Search results

1 – 5 of 5
Click here to view access options
Article
Publication date: 12 September 2016

Taufika Ophiyandri, Dilanthi Amaratunga and Kaushal Keraminiyage

The purpose of this paper is to discuss the advantages and limitations of the implementation of a community-based method in post-disaster housing reconstruction.

Abstract

Purpose

The purpose of this paper is to discuss the advantages and limitations of the implementation of a community-based method in post-disaster housing reconstruction.

Design/methodology/approach

The research was based on multiple case studies in the implementation of a community-based post-disaster housing reconstruction project (CPHRP) in Indonesia. Data were gathered by conducting semi-structured interviews and a questionnaire survey.

Findings

The research reveals 22 advantages of a CPHRP. Four advantages can be categorised as highly significant. They are create sense of ownership, fit to local culture/customs/wisdom, build beneficiaries’ confidence and minimize corruption. There are some advantages that cannot be delivered if the housing reconstruction is conducted using a contractor-based approach. It was also found that psychological advantages are more dominant than the physical advantages. Despite its numerous advantages, CPHRP has limitations. First, it requires a long pre-construction process and, second, there is a limitation with regard to the capacity of implementer and there are limitations within the community itself.

Originality/value

This paper is very specific because it attempts to discover the advantages and limitations of a CPHRP.

Details

International Journal of Disaster Resilience in the Built Environment, vol. 7 no. 4
Type: Research Article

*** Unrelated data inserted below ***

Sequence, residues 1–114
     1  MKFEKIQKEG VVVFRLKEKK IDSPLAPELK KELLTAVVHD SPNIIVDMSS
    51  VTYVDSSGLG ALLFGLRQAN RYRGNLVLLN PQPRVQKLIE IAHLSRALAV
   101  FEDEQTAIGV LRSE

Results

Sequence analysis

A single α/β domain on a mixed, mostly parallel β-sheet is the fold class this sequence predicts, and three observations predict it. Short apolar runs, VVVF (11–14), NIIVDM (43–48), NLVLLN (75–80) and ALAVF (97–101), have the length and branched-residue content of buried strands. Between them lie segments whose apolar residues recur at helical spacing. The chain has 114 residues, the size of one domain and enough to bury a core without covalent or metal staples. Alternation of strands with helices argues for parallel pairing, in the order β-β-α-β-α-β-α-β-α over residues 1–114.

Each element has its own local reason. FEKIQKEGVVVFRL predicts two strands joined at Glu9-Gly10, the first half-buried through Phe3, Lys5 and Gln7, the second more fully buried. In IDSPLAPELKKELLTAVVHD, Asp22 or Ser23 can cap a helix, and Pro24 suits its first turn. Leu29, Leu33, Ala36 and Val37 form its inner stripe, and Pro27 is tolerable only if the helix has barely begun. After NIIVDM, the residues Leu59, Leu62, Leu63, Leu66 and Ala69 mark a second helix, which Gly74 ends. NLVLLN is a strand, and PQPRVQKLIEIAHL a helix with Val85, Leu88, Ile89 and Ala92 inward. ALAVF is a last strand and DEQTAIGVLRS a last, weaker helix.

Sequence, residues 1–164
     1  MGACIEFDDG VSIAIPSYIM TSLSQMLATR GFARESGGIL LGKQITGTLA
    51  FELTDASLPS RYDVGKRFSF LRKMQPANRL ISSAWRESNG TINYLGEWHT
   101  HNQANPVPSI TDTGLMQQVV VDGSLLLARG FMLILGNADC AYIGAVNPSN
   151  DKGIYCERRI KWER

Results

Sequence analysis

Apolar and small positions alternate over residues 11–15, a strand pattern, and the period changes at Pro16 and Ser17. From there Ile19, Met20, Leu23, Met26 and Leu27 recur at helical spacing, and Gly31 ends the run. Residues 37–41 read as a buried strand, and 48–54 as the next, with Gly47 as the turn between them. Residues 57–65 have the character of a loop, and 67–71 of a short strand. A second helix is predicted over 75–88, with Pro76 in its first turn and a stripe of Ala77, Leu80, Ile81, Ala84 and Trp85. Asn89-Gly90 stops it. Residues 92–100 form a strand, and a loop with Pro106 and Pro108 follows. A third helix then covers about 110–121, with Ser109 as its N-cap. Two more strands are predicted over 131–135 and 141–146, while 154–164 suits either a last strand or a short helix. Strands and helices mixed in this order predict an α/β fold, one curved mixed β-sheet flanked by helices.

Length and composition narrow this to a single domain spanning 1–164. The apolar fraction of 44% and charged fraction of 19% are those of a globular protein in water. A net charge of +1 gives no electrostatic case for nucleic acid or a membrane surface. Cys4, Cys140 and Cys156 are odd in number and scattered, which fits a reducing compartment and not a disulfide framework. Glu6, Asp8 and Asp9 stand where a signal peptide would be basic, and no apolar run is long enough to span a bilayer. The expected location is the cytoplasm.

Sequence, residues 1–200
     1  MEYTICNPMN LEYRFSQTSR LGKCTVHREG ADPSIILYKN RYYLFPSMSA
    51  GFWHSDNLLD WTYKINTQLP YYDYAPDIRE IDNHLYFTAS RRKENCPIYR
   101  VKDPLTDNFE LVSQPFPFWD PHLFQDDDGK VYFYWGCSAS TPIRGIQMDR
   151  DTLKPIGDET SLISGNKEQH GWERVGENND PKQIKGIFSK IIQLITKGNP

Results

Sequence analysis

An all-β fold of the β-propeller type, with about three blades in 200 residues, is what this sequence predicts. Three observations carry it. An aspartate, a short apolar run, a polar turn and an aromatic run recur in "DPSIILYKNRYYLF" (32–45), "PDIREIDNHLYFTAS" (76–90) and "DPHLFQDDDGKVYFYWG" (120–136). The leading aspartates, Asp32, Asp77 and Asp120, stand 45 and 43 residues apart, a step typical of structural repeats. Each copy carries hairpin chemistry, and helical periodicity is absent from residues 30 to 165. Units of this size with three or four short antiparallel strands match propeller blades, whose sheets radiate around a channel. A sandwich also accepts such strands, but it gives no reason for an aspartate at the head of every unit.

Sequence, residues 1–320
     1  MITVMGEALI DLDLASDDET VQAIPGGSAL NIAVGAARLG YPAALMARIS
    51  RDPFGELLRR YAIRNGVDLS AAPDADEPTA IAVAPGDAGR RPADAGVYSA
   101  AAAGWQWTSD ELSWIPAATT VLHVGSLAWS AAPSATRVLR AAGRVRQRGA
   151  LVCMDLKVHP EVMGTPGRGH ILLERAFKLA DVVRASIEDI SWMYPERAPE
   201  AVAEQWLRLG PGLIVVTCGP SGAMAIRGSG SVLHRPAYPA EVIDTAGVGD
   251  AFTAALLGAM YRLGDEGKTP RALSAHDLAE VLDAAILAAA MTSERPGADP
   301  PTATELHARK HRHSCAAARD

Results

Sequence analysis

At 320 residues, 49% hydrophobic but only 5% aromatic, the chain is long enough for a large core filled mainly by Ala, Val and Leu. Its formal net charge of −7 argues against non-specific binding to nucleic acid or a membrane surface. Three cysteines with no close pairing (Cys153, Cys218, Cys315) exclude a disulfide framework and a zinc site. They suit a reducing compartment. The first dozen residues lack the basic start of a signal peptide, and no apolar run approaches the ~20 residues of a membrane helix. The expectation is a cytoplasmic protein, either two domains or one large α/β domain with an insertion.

ISSN: 1759-5908

Keywords

Click here to view access options
Article
Publication date: 12 October 2020

Ruben Paul Borg, Glorianne Borg Axisa, Taufika Ophiyandri and Abdul Hakam

This paper aims to provide a framework for building resilience to coastal hazards with reference to Asian nations at the local, intra-regional and inter-regional levels…

Abstract

Purpose

This paper aims to provide a framework for building resilience to coastal hazards with reference to Asian nations at the local, intra-regional and inter-regional levels. This framework provides a roadmap that will enable higher education institutions in the region to play a significant role in educating and training new leaders for disaster risk reduction (DRR) and in working directly with local communities to implement plans.

Design/methodology/approach

Events such as the 2004 tsunami highlighted the transboundary nature of coastal hazard and the importance of regional cooperation. A framework for inter- and intra-regional cooperation was developed through focus groups organised with community participants in five Asian nations exposed to coastal risks: Sri Lanka, Maldives, Myanmar, Indonesia and the Philippines.

Findings

Different stakeholders assessed inter- and intra-regional cooperation at different levels as a means to provide a baseline scenario to develop a capacity-building roadmap for such cooperation. The discussions organised through structured face-to-face encounters considered cooperation at different scales: international, regional, national and local. The framework key areas were developed and included knowledge databases, data and resource sharing and exchange education programmes.

Originality/value